Tel: 01547 530744

Wednesday 19 November 2014

Less is more

The smallest bookshop I've ever visited crossed my path as the fifth destination of my Books are my bag bookshop crawl.

A hop, skip and a jump from the area's tube station, Herne Hill Books is made up of two interlinked rooms about the size of my kitchen, and I promise you I don't have a large kitchen. Described as the little sister of Clapham Books, this bookshop's diminutive size doesn't make it any less worthy of note than its larger cousins.

In fact, it's so popular that during my visit a steady stream of customers filed in, popping by to pick up the new best seller or looking for something to keep them entertained on the train, while I stumbled across M R Carey's The girl with all the gifts. Possibly a little scarier than my usual reads, the condensed shelves meant this title stood out where usually I might've skipped past.

I'm going to be honest, it's a small bookshop so I can't write hundreds of words on my experience or all the people I met, but for what it is this bookshop is perfect. It has a large enough collection of books to suit diverse tastes, but is small enough that it's to the point. You can pop in, find something to read and be on your way in minutes. And sometimes that's all you need.

Herne Hill Books
289 Railton Road,
Herne Hill,
SE24 0LY
Tel: 020 7998 1673

Wednesday 12 November 2014

All is not lost

Four stops into my Books are my bag crawl and I almost got to my first bookshop party of the day.

I say almost because, being new to buses, I managed to still be sitting enjoying my journey as we drove straight past the attractive little parade of shops within which the bookshop is nestled. Ten minutes later I'd retraced my journey – just in time to miss the end of a Roald Dahl event at Dulwich Books.

Frustratingly for me I was also too early for the more grown up event being hosted that afternoon, when author Jeremy Page was due to talk about his book The Collector of Lost Things. As a 'collector' of things I don't ever want to be lost, the book and its author intrigued me, but this time it proved an encounter that wasn't meant to be. However, I prefer to act instead of mourning when it comes to loss, so instead I appreciated the opportunity to fully appreciate my location with no distractions. Well, none except the books.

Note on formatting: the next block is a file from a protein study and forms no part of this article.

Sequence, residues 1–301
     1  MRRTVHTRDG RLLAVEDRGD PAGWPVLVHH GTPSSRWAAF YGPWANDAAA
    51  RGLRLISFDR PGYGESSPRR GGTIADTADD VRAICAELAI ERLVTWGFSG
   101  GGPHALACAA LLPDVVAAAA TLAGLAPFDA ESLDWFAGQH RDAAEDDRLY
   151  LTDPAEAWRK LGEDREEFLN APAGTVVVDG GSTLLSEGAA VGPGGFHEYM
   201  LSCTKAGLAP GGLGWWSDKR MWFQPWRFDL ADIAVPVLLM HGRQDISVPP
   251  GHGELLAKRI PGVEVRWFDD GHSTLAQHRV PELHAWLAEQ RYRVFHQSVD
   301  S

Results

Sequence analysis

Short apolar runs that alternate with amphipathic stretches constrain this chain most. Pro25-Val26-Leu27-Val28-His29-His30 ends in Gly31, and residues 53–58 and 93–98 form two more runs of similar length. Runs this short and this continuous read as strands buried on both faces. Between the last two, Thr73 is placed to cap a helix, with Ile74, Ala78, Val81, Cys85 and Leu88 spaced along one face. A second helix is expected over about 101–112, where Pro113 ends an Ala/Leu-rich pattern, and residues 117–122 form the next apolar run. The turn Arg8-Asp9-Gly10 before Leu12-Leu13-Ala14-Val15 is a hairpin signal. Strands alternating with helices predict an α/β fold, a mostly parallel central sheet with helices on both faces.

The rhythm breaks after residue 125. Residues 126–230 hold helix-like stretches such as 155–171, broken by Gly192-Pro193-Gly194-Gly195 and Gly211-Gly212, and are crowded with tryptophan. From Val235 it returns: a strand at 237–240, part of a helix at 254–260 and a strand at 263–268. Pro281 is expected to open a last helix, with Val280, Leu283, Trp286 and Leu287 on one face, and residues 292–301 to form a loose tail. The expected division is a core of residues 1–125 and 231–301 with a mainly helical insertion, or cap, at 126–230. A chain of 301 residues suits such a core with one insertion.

There was therefore lots to keep me distracted as I weaved between browsers and shelves, enjoying the bright atmosphere and piles of recommendations on top of the middle-of-the-room bookshelves.

The perfect height to feel both apart from and included in the conversations of fellow browsers, these shelves made the bookshop feel full but not overcrowded, allowing me to get lost among the books and banter. I don't want to share the semi-private conversations of Dulwich Books' customers, but I can assure you they're an interesting and varied bunch.

Instead of interrupting their conversations and joining in (something I felt would probably have been perfectly acceptable among this friendly bunch of browsers) I turned my attentions to the booksellers. Their happy banter whirled around the bookshop and welcomed in whichever lone browsers it flew over, meaning even though I'd missed the scheduled parties I still felt I was taking part in the fun.

This proved correct when I arrived at the till and discovered goody bags were being given out with purchases as part of the day's celebrations. When asked if I'd like fiction, non-fiction or crime I, rather indecisively, asked to be surprised. Which is exactly what I was when handed a Tracey Emin tote with two crime novels inside. Three books for the price of one is always good, but to be given two books I don't already own is a rare achievement these days.

And my purchase. Surely it must be obvious?

I may have lost out on the author, but The Collector of Lost Things joined me on for the rest of my journey, collecting new bookshop experiences for the Books are my bag campaign.

Dulwich Books
6 Croxted Road, Dulwich, London, SE21 8SW
Tel: 020 8670 1920

Wednesday 5 November 2014

Not remotely scary

Please don't mock me too much for this, but before I visited it I was actually a little scared of the idea of this week's bookshop.

I obviously now know my fears were unfounded, but on the day of my bookshop crawl the thought of visiting The Bookseller Crow on the Hill in Crystal Palace made me nervous. And it wasn't until I was stood across the road from the bookshop that it dawned on me how stupid my fears had been.

Because The Bookseller Crow isn't the leader of a large, black feathered murder, but the owner of a colourful full-length window with a welcoming light blue shop sign. Throw in the view from the doorway – which includes rows of white paper doves flying across the ceiling – and my fear seems even more ridiculous.